Regions of England and Wales already heavily affected by shoplifting are still experiencing surges in reported offences, despite an overall 1% decline in incidents across the two nations.

The latest Office for National Statistics (ONS) figures for the year ending September 2018 revealed 378,656 shoplifting instances. Cleveland, in north-east England, suffered the highest crime rate per 1,000 residents with a 16% rise from 13.1 to 15.3 instances. The area has held the top spot for the past three years.  

The next four worst areas for shoplifting were Humberside, with 11.1 crimes per 1,000 (16% increase); the north east, with 10.3 crimes (5% increase); Northumbria, with 9.7 crimes (2% decline); and Nottinghamshire, with 9.5 crimes (17% increase). 

Typically, areas in the north experienced the highest levels of shoplifting and the largest rises, while areas in the south experienced year-on-year drops in offences and also had the lowest offences per 1,000 residents. Shoplifting across Sussex, Norfolk, Devon and Cornwall, and Surrey dropped by 7% on average. 

The reported crime stats also show a gulf between what is reported and what takes place. The reported offences in the latest release account for just 7.43% of the shoplifting incidents retailers experience, based on the Home Office’s 2017 Commercial Victimisation Survey.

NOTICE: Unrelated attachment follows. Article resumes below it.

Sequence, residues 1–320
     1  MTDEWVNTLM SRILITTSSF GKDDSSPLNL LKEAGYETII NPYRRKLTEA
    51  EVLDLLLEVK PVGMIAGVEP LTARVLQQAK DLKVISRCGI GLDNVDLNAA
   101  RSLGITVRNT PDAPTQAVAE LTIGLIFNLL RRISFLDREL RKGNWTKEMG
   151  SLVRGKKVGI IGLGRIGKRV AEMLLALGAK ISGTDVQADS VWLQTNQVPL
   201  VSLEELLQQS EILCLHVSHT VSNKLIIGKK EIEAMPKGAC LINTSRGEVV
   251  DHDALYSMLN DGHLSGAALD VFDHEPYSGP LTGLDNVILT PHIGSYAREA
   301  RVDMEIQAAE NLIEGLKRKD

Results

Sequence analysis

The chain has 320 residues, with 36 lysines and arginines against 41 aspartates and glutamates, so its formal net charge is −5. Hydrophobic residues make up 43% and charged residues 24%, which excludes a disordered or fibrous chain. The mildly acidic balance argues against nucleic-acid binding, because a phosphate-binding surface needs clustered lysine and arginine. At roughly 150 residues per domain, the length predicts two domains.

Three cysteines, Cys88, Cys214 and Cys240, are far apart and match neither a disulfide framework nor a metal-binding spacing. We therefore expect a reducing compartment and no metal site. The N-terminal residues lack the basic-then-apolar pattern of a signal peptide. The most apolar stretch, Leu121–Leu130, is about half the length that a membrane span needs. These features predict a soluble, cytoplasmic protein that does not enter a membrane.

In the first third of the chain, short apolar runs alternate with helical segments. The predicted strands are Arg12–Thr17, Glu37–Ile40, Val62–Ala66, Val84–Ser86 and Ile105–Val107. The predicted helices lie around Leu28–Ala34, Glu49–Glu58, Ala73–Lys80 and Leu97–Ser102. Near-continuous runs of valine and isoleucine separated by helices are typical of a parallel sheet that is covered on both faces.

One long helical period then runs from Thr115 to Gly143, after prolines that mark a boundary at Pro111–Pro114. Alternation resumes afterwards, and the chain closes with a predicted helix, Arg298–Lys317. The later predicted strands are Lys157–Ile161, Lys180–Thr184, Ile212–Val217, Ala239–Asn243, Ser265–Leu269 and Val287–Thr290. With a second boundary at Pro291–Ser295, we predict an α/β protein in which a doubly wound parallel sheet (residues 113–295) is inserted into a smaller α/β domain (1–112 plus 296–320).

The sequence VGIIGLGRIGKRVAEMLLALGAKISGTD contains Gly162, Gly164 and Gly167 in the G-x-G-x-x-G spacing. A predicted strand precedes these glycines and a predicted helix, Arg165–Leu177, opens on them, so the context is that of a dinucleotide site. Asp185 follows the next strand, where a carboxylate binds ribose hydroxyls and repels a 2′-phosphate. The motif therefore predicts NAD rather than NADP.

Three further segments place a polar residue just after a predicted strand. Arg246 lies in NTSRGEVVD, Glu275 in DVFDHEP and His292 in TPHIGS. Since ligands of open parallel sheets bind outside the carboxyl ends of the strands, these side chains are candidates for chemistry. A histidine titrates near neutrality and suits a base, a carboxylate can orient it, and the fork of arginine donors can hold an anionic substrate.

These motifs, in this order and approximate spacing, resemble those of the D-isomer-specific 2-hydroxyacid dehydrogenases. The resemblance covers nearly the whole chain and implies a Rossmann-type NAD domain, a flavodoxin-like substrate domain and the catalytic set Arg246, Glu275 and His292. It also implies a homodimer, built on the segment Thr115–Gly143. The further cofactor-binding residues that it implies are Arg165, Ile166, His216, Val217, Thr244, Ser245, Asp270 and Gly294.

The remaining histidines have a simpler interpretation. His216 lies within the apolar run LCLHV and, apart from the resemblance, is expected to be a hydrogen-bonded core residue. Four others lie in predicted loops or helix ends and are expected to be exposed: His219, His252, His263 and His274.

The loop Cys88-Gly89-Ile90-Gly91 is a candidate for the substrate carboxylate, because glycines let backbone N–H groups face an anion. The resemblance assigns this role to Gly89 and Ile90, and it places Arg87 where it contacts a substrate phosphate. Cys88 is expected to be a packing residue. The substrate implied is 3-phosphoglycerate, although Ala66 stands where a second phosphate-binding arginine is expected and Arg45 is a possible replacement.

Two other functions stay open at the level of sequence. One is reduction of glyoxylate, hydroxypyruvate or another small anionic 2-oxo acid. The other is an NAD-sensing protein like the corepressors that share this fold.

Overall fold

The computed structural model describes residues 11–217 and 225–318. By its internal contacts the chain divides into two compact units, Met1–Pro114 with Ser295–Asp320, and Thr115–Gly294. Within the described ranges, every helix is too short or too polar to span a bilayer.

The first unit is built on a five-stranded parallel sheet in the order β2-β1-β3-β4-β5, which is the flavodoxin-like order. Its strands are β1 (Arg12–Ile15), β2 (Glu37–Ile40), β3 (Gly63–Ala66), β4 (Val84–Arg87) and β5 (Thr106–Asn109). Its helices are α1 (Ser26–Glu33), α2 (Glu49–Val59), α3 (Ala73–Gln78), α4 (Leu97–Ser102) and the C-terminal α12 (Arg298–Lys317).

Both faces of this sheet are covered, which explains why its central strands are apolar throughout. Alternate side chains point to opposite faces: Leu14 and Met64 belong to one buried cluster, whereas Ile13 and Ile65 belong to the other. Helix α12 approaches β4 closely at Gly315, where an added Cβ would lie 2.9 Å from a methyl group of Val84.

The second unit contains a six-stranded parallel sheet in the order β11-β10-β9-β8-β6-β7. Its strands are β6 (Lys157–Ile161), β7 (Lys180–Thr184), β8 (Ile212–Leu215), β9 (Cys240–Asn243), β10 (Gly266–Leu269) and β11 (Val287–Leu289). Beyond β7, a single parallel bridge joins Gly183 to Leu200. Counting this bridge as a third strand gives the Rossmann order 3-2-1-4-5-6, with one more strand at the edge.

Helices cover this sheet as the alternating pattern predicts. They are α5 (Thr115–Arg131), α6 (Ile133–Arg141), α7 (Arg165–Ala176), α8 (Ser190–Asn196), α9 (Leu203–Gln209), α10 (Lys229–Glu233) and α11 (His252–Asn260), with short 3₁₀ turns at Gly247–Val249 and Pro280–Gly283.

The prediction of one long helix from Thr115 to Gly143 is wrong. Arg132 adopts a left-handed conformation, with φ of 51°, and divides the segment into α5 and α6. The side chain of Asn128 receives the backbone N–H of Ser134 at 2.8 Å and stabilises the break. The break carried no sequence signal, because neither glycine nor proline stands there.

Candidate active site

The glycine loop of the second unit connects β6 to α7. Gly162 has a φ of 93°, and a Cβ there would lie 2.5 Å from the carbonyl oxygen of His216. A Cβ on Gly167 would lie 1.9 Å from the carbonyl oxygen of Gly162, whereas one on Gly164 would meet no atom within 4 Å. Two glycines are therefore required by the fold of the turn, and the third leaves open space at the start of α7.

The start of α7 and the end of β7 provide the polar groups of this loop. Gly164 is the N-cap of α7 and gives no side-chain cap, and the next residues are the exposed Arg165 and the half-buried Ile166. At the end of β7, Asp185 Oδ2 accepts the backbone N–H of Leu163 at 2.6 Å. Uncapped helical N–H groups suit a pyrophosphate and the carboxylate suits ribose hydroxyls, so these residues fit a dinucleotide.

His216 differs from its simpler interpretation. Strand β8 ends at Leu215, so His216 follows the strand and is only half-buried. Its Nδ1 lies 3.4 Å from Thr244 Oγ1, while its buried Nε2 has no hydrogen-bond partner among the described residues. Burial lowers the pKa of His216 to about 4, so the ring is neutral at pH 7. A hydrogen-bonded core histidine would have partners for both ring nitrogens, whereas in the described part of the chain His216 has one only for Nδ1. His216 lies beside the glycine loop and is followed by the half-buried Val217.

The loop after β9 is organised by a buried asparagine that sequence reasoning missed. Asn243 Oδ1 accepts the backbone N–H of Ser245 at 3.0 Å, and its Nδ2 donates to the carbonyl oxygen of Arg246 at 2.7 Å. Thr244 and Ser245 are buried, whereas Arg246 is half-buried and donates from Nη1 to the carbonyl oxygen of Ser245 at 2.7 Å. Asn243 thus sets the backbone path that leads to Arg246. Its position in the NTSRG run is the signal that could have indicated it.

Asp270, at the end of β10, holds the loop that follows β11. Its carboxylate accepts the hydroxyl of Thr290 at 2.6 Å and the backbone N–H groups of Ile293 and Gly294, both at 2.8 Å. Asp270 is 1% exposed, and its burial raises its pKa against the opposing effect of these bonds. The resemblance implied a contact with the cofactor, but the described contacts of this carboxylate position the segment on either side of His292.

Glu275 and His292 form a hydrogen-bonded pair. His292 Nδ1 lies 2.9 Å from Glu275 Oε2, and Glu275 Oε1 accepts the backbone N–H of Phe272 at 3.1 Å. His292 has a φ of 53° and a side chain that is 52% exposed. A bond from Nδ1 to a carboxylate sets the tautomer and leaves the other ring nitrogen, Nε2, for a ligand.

NFRN national president Mike Mitchelson told RN: “The regional increases show shoplifting is still a serious issue in locations where policing efforts have been stripped back. 

“The issue can only be tackled if retailers report any instances of shoplifting to the police,”
he added. 

ACS CEO James Lowman warned: “A fall in the number of recorded incidents could be as a result of retailers not reporting crimes in frustration at the lack of response from police, not necessarily as a result of the number of offences falling.”

More on retail crime: Find out how the NFRN think the government must make shop security a priority